Calculating local content is a complex job, and there are concerns that it is not being done correctly. All minutes of shows aired for the first time count towards the quota, but a first rerun counts just 50% of time, while subsequent flightings cannot be counted, says Schwinges. Sport doesn’t count, and neither do commercials. Bonus points can be earned for programmes made outside the major cities, BEE-compliant companies or programmes made in the more “marginalised” of South Africa’s 11 languages – but monitoring this adequately is a nightmare, and figures can be abused.
Kate Skinner of the SOS: Support Public Broadcasting Coalition says that ICASA must be able to hold the SABC to account. “One of ICASA’s key roles is monitoring local content quotas and license conditions, and making sure that the SABC’s radio and TV channels adhere to those quotas. That is what ensures it plays its public broadcaster role. And ICASA has openly admitted that it is not playing its monitoring role and has problems with equipment. It has to put the correct systems in place in order to be able to do that. There must be timelines on this.”
Both Skinner and Schwinges felt more transparent and accurate data needs to be supplied by the SABC. “The SABC annual report should give a lot more information than it does,” says Skinner.
She believes a full breakdown of programming, which includes data on how much is regionally made, is vital. “If most material is being made in Jo’burg and Cape Town, this means the rest of the country is not being covered as it should be – and yet this is the public broadcaster and it is mandated is to cover all areas, particularly those that are not covered by other broadcasters.”
“ICASA is required to ensure compliance of its own quotas,” says Schwinges. “Our concern is that there’s been a lack of transparency and reporting, and accurate data to measure compliance.”
Maleka says the SABC does submit “accurate data” and usually highlights when it was unable to meet (or where it exceeded) quotas. “The Authority has an obligation to analyse, therefore verifying the quarterly submissions against own monitoring,” he says.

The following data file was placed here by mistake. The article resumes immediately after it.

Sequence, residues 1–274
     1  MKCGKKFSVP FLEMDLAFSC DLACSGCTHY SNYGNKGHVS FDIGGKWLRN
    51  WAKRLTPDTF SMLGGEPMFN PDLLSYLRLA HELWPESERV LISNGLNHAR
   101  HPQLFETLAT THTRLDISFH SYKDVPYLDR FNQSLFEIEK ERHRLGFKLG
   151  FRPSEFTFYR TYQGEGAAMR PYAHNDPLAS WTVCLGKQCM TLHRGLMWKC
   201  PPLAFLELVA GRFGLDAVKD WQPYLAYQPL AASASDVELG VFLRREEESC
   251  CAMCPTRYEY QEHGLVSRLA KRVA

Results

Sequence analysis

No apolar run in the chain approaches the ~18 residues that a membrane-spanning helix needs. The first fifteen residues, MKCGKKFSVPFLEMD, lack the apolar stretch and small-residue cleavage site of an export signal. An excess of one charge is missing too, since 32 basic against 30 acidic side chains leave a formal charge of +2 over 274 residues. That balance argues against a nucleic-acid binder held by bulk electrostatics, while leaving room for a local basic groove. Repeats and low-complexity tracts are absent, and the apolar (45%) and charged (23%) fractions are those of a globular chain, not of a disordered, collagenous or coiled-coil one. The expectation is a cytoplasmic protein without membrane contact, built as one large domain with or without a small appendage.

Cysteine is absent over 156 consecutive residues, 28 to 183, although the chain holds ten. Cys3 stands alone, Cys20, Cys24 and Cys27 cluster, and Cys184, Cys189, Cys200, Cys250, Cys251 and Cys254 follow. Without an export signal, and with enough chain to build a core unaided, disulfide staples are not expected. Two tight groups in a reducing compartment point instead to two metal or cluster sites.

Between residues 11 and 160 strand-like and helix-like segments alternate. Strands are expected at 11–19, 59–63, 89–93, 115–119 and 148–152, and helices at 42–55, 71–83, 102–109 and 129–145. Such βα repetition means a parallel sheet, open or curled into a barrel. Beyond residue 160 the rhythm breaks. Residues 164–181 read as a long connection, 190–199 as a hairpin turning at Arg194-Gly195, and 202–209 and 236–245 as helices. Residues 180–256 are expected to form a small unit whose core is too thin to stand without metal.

Nothing to bid for
Independent Producers Organisation representative Harriet Gavshon agrees that ICASA needs to ensure quotas are met. She says that there is still very little new commissioning happening at the SABC – and budgets are lower than before, with heavy prescriptions on how funds can be spent. A current key issue for producers is the delay in the release of the Requests for Proposals book (RFP), which outlines projects for producers to bid on and is meant to encourage transparency in the commissioning process.
“We’ve been waiting since December 2010 for the last RFP,” Gavshon says. However, she says she understands the SABC needs to manage their content flow more closely and says there has been communication with the industry on the issue.
“The entire industry relies on the RFP as a fair and transparent way to respond to the needs of broadcaster scheduling,” says Schwinges. “If there is no RFP, there is no new programming coming into the mix, aside from unsolicited programming. This means that either existing programmes get extended or there isn’t anything new on television… which again is breaking the ICASA regulations.”
He does however, feel that a delayed bid book is better than producing one, and then have producers waste resources to bid, only to find that projects don’t get off the ground due to lack of funding.
Skinner says that while there have been subsequent books, the last “really substantial” RFP book was put out before the crisis, in 2008. A delayed book “means the independent producers industry is getting less and less work,” she says. “Which means less local content is being produced – and there are more and more repeats on air.”
Kganyago said that the SABC would communicate with the industry around the timeline for release of the RFP book “in due course”.